Last week, we managed through the first anniversary of the passing of my husband’s father, who was an important part of our lives. “Poppy” was a military man, served in WWII and in the National Guard for years, and was a fervent believer in all that is American. It seemed appropriate somehow, that we lost him last year, two days before Memorial Day weekend.
Some of you might have read the poem I posted here a year ago, which described the robin that sang outside his window at the moment he passed. Since then, we’ve seen robins at so many significant times, as a family we’ve come to believe the birds are a cryptic message from Poppy, from wherever he is now. And, at about noontime, my daughter texted me at work, “There is a robin outside my window. He won’t move.” Well, hello there Poppy.
But that only explains one of the things that made May 21, 2015 a day to smile in memory.
A few minutes after that, the following happened. Bear with me here. My own dad, good friends with Poppy, died eleven years ago. As a veteran, my dad was eligible for a plaque at the foot of his grave, indicating his service. In order to get it though, we had to produce his military discharge papers and they were nowhere to be found after he died. My siblings and I all knew we should have pursued it, but none of us had the heart to wade through what we perceived would involve mountains of red tape and bureaucracy, and so that agenda item landed square on the list titled “someday.”
But on Thursday, on Poppy-the-military-man’s anniversary, I happened to have a conversation with our town’s veterans' agent, a man I met through Poppy. I wasn’t thinking about my dad’s grave, but the story of the discharge papers came up. With that, the agent sat down at the computer, typed in a password, my father’s name and voila, up came the discharge papers. In addition, the agent is going to walk me through the process of getting the stone ordered and placed. So on the first anniversary of Poppy’s death, I began the process of putting something to rights that’s been wrong for too long. I believe, in all my heart that from some other realm, Poppy had a hand in this.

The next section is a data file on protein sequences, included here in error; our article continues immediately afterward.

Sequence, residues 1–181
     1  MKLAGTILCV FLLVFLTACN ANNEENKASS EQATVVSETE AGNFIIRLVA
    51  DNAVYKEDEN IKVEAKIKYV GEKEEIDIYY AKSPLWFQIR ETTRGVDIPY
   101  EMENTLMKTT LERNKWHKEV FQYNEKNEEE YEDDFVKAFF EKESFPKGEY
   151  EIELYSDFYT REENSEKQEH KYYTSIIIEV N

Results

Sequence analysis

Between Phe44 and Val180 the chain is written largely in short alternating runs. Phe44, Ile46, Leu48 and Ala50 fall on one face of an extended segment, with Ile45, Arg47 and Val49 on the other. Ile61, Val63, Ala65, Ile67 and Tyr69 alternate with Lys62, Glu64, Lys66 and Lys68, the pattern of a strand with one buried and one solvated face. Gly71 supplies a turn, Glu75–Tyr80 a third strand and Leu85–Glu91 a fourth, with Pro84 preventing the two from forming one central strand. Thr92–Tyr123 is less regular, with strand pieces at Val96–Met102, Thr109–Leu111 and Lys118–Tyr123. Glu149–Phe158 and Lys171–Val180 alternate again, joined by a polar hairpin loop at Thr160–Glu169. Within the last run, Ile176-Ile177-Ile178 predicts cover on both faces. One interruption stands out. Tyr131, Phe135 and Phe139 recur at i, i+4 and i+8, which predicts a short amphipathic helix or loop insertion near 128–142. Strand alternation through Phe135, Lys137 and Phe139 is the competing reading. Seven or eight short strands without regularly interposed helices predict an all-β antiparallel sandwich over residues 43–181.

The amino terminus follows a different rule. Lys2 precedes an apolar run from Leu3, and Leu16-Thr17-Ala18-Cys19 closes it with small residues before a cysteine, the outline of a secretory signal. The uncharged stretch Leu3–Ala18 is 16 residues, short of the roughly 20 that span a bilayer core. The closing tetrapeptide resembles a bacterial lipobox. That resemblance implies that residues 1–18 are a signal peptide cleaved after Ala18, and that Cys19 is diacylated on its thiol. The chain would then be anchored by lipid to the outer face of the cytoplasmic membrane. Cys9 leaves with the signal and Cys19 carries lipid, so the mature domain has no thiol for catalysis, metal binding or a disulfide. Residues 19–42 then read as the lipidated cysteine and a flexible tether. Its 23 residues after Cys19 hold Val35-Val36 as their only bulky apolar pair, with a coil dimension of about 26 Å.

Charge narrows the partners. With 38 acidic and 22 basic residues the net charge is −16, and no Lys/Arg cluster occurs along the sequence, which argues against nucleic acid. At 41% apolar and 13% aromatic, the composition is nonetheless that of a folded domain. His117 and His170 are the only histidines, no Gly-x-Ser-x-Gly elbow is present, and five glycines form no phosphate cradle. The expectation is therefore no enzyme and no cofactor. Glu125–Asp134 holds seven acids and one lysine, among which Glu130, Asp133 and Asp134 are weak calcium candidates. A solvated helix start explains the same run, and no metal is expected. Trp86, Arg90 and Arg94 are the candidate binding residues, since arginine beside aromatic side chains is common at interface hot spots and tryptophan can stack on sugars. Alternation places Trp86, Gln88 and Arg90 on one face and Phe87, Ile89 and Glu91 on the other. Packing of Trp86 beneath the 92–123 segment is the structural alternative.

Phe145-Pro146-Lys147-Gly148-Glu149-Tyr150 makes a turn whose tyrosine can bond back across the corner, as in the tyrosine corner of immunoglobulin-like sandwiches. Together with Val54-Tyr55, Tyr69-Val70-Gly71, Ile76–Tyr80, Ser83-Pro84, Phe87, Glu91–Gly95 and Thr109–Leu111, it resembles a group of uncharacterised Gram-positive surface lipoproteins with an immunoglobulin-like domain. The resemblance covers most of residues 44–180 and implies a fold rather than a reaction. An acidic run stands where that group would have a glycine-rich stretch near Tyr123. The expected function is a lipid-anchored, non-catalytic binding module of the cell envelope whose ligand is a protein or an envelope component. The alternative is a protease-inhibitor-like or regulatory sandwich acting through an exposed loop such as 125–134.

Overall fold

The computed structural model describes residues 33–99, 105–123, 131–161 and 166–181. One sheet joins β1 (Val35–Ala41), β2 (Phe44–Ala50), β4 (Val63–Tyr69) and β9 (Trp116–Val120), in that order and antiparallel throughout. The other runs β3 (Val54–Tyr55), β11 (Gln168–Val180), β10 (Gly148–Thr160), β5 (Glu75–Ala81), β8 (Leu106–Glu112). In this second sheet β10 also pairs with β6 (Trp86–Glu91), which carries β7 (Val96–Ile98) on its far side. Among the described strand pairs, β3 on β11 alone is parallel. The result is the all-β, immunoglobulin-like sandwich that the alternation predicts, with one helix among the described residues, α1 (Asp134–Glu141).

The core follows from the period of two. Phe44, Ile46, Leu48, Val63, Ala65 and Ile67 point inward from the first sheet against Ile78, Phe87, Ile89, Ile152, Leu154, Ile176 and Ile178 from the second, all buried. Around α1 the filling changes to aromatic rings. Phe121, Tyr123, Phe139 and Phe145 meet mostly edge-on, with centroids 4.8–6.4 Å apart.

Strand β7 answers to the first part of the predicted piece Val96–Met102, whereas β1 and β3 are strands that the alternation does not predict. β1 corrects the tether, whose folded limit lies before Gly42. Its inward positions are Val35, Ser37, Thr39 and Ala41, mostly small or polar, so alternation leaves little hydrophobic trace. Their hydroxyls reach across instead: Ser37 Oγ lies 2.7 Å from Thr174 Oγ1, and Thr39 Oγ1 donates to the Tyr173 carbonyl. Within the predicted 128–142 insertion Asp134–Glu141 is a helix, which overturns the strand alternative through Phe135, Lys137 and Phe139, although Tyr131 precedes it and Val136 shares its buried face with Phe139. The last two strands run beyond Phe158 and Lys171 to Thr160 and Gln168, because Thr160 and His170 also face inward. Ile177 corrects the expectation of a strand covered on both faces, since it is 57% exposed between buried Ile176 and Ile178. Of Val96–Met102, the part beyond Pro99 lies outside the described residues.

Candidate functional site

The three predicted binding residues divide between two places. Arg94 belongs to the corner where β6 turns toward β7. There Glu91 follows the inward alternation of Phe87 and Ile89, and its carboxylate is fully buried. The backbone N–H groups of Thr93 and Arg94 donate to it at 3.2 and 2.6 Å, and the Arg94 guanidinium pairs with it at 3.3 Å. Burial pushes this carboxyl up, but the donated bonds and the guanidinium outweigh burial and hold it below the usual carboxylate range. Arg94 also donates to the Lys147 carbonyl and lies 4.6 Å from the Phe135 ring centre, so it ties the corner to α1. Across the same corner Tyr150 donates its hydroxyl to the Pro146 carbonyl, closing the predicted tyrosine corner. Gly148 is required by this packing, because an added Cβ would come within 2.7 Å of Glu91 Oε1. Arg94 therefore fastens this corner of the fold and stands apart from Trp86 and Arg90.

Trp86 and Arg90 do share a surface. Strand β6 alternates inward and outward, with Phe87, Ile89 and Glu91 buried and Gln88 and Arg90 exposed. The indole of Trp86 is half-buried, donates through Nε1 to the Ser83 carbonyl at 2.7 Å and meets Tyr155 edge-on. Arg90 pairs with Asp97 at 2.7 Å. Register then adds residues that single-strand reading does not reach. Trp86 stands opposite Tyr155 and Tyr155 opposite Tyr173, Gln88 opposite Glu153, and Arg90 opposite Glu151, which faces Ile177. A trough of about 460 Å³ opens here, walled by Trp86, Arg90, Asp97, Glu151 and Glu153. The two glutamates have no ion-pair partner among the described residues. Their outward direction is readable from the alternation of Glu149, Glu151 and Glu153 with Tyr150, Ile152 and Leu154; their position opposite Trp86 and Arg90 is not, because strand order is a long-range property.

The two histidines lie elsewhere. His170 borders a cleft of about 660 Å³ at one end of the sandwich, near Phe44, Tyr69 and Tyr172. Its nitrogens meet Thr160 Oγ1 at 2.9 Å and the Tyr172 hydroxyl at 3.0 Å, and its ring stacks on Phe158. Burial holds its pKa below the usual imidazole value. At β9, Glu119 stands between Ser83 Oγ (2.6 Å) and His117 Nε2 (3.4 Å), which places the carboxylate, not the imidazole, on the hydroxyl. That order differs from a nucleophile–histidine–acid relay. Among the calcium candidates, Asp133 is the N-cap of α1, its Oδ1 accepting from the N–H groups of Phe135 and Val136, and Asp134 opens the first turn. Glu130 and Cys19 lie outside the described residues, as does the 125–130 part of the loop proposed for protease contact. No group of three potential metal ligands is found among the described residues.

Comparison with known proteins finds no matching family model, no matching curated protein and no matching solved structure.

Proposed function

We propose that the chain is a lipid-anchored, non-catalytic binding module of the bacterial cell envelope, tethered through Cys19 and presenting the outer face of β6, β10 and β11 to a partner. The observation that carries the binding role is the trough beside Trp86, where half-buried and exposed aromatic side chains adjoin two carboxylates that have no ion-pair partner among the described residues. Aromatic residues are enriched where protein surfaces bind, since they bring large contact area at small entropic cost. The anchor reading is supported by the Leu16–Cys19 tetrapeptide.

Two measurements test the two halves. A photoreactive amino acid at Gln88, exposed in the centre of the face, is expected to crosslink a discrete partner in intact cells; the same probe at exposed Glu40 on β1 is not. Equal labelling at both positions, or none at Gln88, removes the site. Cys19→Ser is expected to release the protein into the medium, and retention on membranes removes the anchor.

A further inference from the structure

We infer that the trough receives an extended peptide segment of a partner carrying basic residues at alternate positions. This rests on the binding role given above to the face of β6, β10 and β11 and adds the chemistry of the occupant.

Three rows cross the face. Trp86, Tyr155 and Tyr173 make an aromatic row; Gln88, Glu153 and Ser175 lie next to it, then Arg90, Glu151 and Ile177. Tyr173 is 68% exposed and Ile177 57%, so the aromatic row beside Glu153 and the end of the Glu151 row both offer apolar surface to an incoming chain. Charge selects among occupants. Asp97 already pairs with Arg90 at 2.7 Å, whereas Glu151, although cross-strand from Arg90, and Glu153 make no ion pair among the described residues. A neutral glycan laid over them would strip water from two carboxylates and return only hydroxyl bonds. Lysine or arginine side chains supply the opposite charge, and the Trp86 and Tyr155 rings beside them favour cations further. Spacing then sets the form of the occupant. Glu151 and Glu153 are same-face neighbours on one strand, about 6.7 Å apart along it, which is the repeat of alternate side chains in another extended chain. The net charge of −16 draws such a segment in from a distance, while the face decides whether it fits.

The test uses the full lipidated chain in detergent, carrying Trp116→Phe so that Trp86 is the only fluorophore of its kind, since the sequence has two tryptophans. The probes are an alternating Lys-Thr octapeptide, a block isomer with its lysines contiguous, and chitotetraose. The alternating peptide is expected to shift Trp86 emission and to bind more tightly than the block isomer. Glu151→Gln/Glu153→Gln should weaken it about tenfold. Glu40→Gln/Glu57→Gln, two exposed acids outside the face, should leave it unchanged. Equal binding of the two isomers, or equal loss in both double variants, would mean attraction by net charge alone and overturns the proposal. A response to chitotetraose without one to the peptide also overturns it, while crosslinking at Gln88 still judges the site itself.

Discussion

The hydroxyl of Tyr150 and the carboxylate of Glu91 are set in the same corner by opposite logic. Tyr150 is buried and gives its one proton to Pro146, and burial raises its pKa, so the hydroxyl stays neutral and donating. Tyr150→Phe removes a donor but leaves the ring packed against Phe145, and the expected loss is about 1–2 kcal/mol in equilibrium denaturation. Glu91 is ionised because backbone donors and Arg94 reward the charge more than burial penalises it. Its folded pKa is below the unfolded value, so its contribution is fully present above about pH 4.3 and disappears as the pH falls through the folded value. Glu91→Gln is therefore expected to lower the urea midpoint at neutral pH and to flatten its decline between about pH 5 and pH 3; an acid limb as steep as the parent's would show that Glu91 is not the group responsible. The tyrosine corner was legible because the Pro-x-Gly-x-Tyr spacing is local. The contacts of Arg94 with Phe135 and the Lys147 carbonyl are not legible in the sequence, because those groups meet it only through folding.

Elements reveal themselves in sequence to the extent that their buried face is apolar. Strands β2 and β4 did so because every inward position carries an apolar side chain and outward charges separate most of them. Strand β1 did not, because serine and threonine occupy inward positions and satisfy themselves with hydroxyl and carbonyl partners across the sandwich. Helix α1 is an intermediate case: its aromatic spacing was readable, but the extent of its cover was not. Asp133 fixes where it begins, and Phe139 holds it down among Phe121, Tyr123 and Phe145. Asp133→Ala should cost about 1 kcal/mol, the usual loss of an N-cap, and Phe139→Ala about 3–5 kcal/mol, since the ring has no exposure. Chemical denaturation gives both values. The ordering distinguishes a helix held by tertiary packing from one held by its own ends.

But, if you question that, listen to this.
I brought the paperwork the agent gave me home. There are choices to be made and so I emailed my siblings with information. As I was reading the application, I came to this:
ADDITIONAL ITEMS may be inscribed at Government expense if they are requested on the initial claim and space is available. Examples of additional items include appropriate terms of endearment, nicknames (in expressions such as “OUR BELOVED POPPY”).
Okay. So now do you believe me?
Still shaking my head at the serendipity or synchronicity or whatever was going on, I went out to pick up flowers to put on Poppy’s grave. It just seemed right that in front of the store, the Veterans were already soliciting donations… in return for donating; they offered…well, you know this one, a poppy. I bought one and looped it around the ribbon decorating the plant I'd purchased.
After my husband got home from work, we went to visit his dad’s grave, then out to dinner and I recounted all of the ways that Poppy had been around today. But, we weren’t done yet. At home, I did a quick Facebook check before we went to bed, and the first thing that came up was this picture posted by one of my friends.
Giving thanks on Memorial Day to all who served our country, and giving thanks to Poppy, too.